US Coins

Saint-Gaudens double eagles help anchor Heritage sale

A group of exceptional Saint-Gaudens $20 double eagles from the Noel Thomas Patton Collection will help lead Heritage’s May 3 Platinum Night session held after the Central States Numismatic Society’s annual convention.

The consignment is strong in late-date Saint-Gaudens double eagles, where mintages have little relationship to rarity, as many went directly to the melting pot. An example of a “melt rarity” is a 1930-S Saint-Gaudens double eagle graded Mint State 65 by Professional Coin Grading Service, which came from a low mintage of just 74,000 pieces, none of which were sent to Federal Reserve Banks for circulation. Today around 75 exist in all grades, most in Mint State.

While other dates from the final decade of the issue have become more common as European banks have released their holdings — the 1926-D and 1926-S double eagles as examples — the 1930-S $20 coin remains a key date in the series.

The offered example has typical thickly frosty surfaces, with green-gold accents. It sold in Heritage’s March 2014 sale of the Donald E. Bently Collection where it brought $176,382. More recently a different, comparably graded example realized $288,000 at Heritage in May 2022.

Denver Mint ‘melt rarity’

A 1931-D Saint-Gaudens double eagle, also graded MS-65 by PCGS, is another key in the series, despite a mintage of 106,500 at the San Francisco Mint. Again, most were used for currency reserves with none sent to Federal Reserve Banks for wider distribution.

Roger Burdette’s archival research found that 135 coins were held by the Denver Mint cashier, 250 were sent to the treasurer’s office, and 99 were sent to the Philadelphia Mint cashier, making a total of 491 coins, less 50 of which were later returned by the treasurer and destroyed. This left just 441 coins that could be held by collectors.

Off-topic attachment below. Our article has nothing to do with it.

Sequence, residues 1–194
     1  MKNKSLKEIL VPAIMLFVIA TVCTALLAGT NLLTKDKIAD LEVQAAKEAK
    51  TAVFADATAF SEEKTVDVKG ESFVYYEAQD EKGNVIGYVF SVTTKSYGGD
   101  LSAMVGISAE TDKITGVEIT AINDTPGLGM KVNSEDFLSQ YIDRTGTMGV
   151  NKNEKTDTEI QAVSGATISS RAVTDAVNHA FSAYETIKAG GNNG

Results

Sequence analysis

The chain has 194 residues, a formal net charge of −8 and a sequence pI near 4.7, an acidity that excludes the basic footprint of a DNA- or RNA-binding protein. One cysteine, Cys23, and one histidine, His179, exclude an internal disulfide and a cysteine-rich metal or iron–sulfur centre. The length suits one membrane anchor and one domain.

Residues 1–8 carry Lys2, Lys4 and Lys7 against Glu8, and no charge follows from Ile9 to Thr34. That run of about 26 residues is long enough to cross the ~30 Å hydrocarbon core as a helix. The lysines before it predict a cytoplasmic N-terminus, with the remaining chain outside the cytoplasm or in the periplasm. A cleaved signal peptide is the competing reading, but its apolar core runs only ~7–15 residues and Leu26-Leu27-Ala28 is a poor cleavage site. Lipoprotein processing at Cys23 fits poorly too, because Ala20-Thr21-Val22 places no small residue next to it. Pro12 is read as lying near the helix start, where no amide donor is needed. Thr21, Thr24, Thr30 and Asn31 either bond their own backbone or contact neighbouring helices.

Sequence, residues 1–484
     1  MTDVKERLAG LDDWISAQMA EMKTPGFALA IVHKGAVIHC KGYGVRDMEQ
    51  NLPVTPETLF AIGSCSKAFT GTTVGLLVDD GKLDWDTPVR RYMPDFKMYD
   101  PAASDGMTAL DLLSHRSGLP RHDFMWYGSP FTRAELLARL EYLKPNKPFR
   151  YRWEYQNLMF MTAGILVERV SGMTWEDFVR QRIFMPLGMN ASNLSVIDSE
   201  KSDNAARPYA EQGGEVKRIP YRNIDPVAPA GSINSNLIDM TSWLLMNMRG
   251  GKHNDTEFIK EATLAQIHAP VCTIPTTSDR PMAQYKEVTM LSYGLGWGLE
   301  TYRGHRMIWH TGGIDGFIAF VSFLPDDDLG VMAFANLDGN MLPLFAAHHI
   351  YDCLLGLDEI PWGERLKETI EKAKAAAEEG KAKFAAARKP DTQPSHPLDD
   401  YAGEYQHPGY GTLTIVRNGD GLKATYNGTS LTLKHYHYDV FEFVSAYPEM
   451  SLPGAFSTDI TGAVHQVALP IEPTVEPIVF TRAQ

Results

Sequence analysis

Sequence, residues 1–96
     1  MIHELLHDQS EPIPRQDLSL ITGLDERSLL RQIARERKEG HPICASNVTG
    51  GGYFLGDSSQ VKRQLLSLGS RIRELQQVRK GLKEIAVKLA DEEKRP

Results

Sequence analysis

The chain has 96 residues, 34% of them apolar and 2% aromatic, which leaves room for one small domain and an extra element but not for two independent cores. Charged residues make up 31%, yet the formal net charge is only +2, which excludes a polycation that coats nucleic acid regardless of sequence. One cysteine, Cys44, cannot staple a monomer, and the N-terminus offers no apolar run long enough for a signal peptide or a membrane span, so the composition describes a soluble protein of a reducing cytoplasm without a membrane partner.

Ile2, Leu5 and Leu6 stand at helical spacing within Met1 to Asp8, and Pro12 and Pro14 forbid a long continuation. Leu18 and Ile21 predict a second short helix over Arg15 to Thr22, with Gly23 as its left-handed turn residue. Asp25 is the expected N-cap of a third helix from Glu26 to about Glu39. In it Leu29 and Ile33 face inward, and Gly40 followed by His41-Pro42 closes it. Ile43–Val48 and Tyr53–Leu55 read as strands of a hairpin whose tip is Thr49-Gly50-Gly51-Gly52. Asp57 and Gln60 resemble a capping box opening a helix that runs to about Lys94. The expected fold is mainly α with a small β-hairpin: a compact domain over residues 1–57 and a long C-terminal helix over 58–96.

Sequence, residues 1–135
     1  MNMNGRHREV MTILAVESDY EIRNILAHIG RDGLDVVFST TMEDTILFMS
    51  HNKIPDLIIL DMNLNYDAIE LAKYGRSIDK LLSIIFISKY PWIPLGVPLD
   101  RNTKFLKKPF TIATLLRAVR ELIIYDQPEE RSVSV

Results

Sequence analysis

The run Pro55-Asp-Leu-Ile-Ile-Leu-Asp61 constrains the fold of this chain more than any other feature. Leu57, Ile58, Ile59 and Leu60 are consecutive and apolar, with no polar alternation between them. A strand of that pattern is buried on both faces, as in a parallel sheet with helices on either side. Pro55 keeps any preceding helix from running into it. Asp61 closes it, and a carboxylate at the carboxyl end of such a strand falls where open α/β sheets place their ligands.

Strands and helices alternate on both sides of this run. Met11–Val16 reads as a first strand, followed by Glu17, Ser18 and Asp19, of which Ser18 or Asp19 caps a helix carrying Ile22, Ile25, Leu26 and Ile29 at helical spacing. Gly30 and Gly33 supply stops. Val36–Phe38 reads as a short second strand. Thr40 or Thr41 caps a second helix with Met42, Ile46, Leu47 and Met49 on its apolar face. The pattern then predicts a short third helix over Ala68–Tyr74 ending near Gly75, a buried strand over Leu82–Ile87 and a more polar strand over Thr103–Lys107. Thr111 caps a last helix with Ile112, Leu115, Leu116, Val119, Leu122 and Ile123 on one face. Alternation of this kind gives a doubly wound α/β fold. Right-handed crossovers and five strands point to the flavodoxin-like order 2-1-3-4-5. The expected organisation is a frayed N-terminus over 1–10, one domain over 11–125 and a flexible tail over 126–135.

It has long been known as a rarity in the series, though Heritage’s co-founder Jim Halperin has said that in 1984 a small hoard of 15 to 20 1930-D double eagles appeared in the market, which eased pressure on the issue.

Heritage praises the subject offering’s razor-sharp definition, noting, “impeccably preserved orange-gold surfaces radiate vibrant mint luster on both sides and the overall eye appeal is terrific.”

A comparably graded one sold for $228,000 at a May 8, 2022, Heritage sale.

Final collectible date

Since the 1933 Saint-Gaudens double eagle is essentially uncollectible, with just a single example that can be privately owned, the 1932 coin is the last obtainable date in the Saint-Gaudens double eagle series. Heritage will offer one graded MS-66 by Numismatic Guaranty Co. that represents the highest numerical grade at either PCGS or NGC. Fewer than 100 exist in all grades of the just over 1.1 million struck at the Philadelphia Mint. When this coin last sold on March 20, 2014, at Heritage’s offering of the Bently Collection, it brought $108,687.50.

Here, the cataloger observes heavy frosting, ample luster and a pleasing blend of yellow and greenish-gold, adding, “Three distinguishing marks for pedigree purposes are: a contact mark on the eagle’s right wing, one on the left wing, and one on the breast.”

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